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How the Wood Post Puller Started
We love living in Texas, but the storms that blow through can do serious damage. A few years back, one nasty spring storm blew down several sections of privacy fence around our back yard. We propped the fence back up as a temporary fix but it wasn’t long before the repair notices from our HOA started coming in the mail. Local fence companies wanted thousands of dollars to fix complete the repairs when all we really needed was to replace the broken posts and reattach our current panels so we decided to tackle it as our DIY weekend project.
Our soil here in central Texas is heavy clay -- the first post took more than three hours to dig out and left us sweaty, dirty, and exhausted. That evening I evaluated other options. The post pullers on the market were all based on mechanical advantage -- wrap a chain around the post and then jack it up. If the post was broken, many of the pullers simply wouldn’t work but some had a ‘pincer’ attachment that was supposed to grab the post. We didn’t think any of them would work safely for our situation. Most home improvement sites recommended to simply cut off the post at ground level and install a new post to the side. We were going to go with this option until we realized how strange it would look to have unevenly spaced posts around our backyard. We needed a solution that let us replace the fence posts in their current location.
Our Lightbulb Moment
One recommendation from the online forums was to soak the ground the night before to make digging easier. Our clay was hard and difficult to dig through so we set out a soaker hose. Digging the next day we found that the water had only soaked in the top 4 inches, below that was the same compacted soil. Repeating the soak would work but would also take hours to reach the 36-inch depth. To allow the water to penetrate deeper we drove in a garden stake right next to the footing and then removed it, leaving the hole where water could run down. This method worked OK, but to avoid suction we had to wait for the water to absorb into the ground. If we tried to remove the post too soon it would form suction in the hole and be impossible to pull out.
During one of our working breaks, all of these facts came together -- the suction was working against us but that also meant that a tight seal existed between the concrete and the soil. If we insert a pipe to the same depth as the bottom of the post the water pressure would help to lift everything out of the ground -- in effect ‘reversing’ the suction force. The next day we purchased parts and made our first prototype -- a length of black pipe connected to our garden hose and hammered to a point on the other end. Our first tests worked beyond our imagination. It took a few minutes to get the pipe inserted but then the post just slid out with a loud slurp.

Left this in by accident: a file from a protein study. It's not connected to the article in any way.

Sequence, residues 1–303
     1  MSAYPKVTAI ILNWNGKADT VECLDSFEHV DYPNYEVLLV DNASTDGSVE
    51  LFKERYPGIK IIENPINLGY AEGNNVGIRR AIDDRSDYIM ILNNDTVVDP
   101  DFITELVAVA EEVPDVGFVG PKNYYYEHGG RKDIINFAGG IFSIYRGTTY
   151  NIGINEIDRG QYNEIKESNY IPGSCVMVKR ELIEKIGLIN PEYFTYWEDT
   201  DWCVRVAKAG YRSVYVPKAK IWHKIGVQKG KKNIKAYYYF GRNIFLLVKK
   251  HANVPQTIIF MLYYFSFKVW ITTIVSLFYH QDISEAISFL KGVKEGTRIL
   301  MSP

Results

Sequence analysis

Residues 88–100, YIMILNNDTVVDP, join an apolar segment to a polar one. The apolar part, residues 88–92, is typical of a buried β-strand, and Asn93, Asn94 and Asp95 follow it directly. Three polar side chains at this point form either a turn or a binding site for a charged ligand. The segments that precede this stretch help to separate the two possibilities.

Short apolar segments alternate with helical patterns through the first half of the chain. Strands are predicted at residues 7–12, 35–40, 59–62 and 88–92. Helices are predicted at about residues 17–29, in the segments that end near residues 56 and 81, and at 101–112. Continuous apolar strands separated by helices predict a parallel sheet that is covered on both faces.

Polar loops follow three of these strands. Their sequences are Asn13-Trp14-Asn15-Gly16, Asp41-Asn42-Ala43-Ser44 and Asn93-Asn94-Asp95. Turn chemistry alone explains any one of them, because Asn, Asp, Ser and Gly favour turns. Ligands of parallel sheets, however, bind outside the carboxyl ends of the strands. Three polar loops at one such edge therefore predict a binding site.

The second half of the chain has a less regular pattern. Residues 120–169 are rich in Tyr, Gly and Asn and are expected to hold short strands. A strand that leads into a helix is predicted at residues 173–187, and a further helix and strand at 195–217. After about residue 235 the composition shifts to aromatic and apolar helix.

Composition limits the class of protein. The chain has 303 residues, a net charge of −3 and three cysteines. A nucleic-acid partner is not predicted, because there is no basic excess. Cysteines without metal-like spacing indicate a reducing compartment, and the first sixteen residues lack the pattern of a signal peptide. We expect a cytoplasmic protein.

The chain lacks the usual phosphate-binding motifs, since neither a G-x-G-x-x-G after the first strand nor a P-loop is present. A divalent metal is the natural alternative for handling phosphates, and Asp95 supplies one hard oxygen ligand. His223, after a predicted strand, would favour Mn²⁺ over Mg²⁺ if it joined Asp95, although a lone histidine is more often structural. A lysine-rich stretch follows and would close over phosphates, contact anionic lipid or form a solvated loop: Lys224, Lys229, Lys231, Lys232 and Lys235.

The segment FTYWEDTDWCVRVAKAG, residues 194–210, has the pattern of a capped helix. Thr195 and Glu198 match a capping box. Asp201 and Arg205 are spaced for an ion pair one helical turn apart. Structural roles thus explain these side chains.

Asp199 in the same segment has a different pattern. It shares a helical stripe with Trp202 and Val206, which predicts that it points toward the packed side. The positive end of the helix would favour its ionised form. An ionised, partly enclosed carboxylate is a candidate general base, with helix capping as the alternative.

Our Wood Post Puller Method
We improved our method over the next few months, adding handles to the spike tool for more control and adopting a ‘jackhammer’ insertion technique with short up-and-down motions to prevent the tip getting stuck in the clay. In many cases, we were able to remove a post and concrete footing in less than 2 minutes! See one example in the video below:
How to Remove Fence Posts the Easy Way
The Wood Post Puller method gives you the help you need on the most difficult part of fence repair -- removing the post and concrete footing. Fix your own fence and save money! Because water is delivered to the bottom and the post slides out on a layer of mud -- no digging required on most posts. Compare to other methods -- the Wood Post Puller is the only one that works on broken, rotten posts that you can’t grab with a chain.
Buy the Spike Tool
Most homeowners want to repair their own privacy fence, the Wood Post Puller method makes it EASY. No digging required for many posts and it makes all lifting methods more effective.
- Do It Yourself Fence Repair
- For ALL Residential Posts
- Posts with Concrete Footings
- Wood or Metal Posts
- Broken or Rotten Posts
SLIDE the Post Out with WATER PRESSURE
PROVEN results, read our Testimonials!
Our Wood Post Puller method takes the work out of replacing fence posts set in concrete. The spike tool injects water at the base of the post and loosens the soil around the post. In a short time, the water forms a layer of mud around the concrete footing that helps slide the post out of the ground. Once loosened, use two pry bars to lift the post and concrete footing out of the ground. Leave the water running to automatically relieve suction force and help push the post out of the ground. Alternatively, turn the water off and disconnect the hose but leave the spike tool inserted to prevent suction.
The Wood Post Puller method works when the post is rotted or broken off. It even works when the concrete breaks up -- simply keep injecting water around and underneath and remove concrete pieces by hand. This situation can get messy so use a hose-end shutoff to control the water flow.
Check out other helpful tips in our DIY section.